GROTTOES — Days before Rockingham County will consider a resolution declaring itself a Second Amendment sanctuary, the town of Grottoes took an extra step and became a Second Amendment sanctuary town.
The resolution was not on the agenda for Monday’s Town Council meeting, but was brought up by Councilman Joshua Bailey during new business.
Bailey read the resolution to make Grottoes a Second Amendment sanctuary town off the only copy made available to council members. Mayor Emily Holloway said only one copy was present during the meeting.
The resolution passed 4-1, with Councilman Mark Keeler in opposition and Councilman David Raynes absent.
When asked by an attendee why he voted against the resolution, Keeler said it was due to the way the resolution was presented and not having time to look over the language of the resolution carefully. Keeler’s response was followed by an attendee asking for his resignation from Town Council.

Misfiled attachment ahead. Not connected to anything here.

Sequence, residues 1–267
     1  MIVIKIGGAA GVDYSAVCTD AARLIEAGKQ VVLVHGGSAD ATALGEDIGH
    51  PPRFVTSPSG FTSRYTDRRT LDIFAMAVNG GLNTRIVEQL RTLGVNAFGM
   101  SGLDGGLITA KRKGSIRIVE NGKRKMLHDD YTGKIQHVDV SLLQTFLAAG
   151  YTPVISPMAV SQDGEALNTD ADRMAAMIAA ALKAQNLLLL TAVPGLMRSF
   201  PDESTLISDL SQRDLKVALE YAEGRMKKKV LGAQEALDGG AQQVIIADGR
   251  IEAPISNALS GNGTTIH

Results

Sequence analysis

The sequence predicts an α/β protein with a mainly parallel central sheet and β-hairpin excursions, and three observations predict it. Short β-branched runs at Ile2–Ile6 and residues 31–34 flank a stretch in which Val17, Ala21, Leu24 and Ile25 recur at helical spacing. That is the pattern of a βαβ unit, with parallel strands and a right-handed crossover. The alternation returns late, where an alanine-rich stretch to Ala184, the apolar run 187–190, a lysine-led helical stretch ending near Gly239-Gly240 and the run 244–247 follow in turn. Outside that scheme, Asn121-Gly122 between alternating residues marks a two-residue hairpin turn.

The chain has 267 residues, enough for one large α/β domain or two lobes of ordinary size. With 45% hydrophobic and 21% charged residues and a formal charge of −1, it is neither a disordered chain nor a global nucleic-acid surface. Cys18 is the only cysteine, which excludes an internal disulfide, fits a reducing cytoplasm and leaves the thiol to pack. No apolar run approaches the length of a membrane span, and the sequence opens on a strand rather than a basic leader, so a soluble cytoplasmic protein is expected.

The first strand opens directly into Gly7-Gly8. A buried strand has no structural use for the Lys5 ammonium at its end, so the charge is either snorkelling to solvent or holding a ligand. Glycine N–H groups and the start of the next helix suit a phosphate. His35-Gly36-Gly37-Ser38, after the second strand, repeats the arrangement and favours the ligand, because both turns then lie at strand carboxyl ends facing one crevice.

The resolution came prior to the public comment period, where two people had signed up to speak in favor of the resolution.
Jason Doty thanked council members for their support during public comment, adding that since the resolution passed, there wasn’t anything else to say.
Nathan Carlton, who was also signed up to speak, was not present.
The Second Amendment sanctuary movement began sweeping across rural parts of Virginia after Democrats gained control of the General Assembly in November’s election, promising to take on gun control and other initiatives when lawmakers convene next month.
Augusta County joined more than 40 counties in Virginia with the designation on Wednesday after 1,800 people attended a Board of Supervisors meeting. Supervisors passed the resolution 7-0.
Page County also voted unanimously to become a Second Amendment sanctuary during a supervisors meeting Tuesday.
Anticipating a large crowd, the Rockingham County Board of Supervisors moved its public hearing for a proposed Second Amendment sanctuary resolution to the Spotswood High School gymnasium. The hearing will begin at 7:15 p.m. Wednesday.
Del. Tony Wilt, R-Broadway, sent out a newsletter Friday urging people to attend the hearing.
“Your liberty and mine has already been bought and paid for by the men and women who sacrificed so much for our great nation and nations around the world,” he wrote. “There’s a reason why people risk life and limb to get to our country and it darn sure isn’t to live under the same tyranny and oppression they left.”